– De Mi Rancho en Tu Cocina: De Mi Rancho en Tu Cocina (“From my ranch to your kitchen”) accompanies Doña Ángela, a 71-year-old grandmother living in rural Mexico. Doña Ángela lives on a ranch with her husband. She grows her own vegetables, raises her own animals, and makes her own tortillas. Doña Ángela specialises in traditional Mexican food and her slow-paced, appetising videos are filmed by her daughter. Check out her huevos rancheros. De Mi Rancho en Tu Cocina is a Spanish channel, but English captions are always available.
“If you’re looking for inspiration to spice up your parties, impress a partner, or already have experience but want to learn more, Steve will show you how. Your vodka-dash days are officially over.”
Learning New Cuisines
If you’re sick of the vodka pasta Stephen Cusato taught you how to cook, you’re ready to try something new.
– Steve the Bartender: This is mixology more than cooking, but Steve’s Bar Basics playlist will cover everything you need to master a new skill, teaching you basic shaking techniques, and simple 3-ingredient cocktails. If you’re looking for inspiration to spice up your parties, impress a partner, or already have experience but want to learn more, Steve will show you how. Your vodka-dash days are officially over, so leave ample room for the Appletinis, Cosmopolitans and White Russians he’ll teach you in his Easy Vodka Cocktails series.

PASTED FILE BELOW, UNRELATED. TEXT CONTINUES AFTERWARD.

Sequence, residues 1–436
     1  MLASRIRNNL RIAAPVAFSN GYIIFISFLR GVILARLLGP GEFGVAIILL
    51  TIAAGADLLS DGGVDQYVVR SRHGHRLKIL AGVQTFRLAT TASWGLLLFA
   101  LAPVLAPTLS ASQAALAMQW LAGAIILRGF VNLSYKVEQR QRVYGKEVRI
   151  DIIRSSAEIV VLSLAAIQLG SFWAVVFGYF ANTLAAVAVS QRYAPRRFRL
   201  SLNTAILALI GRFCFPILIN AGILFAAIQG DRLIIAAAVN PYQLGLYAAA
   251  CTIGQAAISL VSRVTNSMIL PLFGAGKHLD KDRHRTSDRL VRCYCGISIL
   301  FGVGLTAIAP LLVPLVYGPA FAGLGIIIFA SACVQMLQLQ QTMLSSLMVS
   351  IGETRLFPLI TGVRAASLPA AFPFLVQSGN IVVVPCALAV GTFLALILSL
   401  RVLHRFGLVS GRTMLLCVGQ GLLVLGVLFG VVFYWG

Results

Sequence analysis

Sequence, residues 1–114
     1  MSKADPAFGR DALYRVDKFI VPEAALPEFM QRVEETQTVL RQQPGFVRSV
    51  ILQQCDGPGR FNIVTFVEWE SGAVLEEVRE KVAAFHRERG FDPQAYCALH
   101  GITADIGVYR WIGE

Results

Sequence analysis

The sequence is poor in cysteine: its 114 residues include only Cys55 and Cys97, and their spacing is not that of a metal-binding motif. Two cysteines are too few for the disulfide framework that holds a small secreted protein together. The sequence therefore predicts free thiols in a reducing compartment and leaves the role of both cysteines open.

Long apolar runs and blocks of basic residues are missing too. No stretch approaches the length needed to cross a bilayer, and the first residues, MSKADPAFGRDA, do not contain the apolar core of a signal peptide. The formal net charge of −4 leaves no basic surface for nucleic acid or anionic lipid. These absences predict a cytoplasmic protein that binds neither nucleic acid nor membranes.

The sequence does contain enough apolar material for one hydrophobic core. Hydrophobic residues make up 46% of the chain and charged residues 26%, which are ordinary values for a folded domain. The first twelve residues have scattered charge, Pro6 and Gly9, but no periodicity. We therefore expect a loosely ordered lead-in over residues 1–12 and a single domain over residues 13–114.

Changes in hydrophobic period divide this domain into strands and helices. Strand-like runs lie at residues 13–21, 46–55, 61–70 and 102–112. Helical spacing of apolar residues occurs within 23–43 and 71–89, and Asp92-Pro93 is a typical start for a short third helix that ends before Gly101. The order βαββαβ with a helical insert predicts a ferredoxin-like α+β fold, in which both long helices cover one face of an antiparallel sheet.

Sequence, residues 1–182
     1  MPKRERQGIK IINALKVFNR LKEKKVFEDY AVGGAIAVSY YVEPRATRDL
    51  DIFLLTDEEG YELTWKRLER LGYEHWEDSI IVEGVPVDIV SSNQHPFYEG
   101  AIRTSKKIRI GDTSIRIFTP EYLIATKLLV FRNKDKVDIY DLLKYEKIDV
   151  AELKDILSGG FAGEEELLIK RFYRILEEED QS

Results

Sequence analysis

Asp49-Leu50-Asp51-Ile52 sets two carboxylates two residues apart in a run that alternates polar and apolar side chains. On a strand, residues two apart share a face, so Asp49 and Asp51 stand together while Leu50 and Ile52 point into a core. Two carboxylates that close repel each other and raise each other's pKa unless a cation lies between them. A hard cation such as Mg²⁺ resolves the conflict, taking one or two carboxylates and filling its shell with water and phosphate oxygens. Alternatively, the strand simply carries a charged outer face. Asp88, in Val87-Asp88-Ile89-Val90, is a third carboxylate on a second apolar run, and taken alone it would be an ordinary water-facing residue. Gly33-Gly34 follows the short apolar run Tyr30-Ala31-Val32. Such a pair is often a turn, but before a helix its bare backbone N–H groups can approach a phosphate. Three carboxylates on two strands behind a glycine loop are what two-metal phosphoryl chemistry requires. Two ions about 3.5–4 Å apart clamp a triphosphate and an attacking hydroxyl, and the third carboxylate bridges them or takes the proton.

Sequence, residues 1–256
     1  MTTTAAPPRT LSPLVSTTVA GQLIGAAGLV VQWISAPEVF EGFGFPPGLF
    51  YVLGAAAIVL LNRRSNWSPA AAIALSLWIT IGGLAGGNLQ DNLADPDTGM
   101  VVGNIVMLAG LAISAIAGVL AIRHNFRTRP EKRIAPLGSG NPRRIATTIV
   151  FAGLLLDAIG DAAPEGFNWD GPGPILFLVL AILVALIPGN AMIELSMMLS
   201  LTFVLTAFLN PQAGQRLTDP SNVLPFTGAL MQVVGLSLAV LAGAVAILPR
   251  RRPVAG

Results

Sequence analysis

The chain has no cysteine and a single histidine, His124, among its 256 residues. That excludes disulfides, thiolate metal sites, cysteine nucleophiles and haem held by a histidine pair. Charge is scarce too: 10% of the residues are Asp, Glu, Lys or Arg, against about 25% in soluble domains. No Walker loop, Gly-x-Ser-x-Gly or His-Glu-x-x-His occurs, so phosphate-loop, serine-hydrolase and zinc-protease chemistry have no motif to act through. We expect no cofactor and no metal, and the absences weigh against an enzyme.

– Fine Dining Lovers: For the adventurous and experienced, Fine Dining Lovers will take your student cooking skills to professional cooking wonders. Focusing on caramelisation, the Maillard effect, umami, and flavour enhancers, their Flavour Hacking series takes simple ingredients like eggs or rice to restaurant-level deliciousness. Hosted by Massimo Bottura, another popular Fine Dining Lovers series Why Waste? focuses on reducing food waste. Bottura and his guest chef teach you how to make the most of your cut-offs, turn leftovers into haute cuisine, and share tips on how to preserve and store your ingredients for longer.
YouTube is without a doubt a haven for chefs of any level. Hopefully, this helpful guide will help you elevate your simple weeknight meals, inspire you to get out of your comfort zone, or simply give you a little more to watch than that Mukbang channel that always pops up on your recommended. Bon appétit!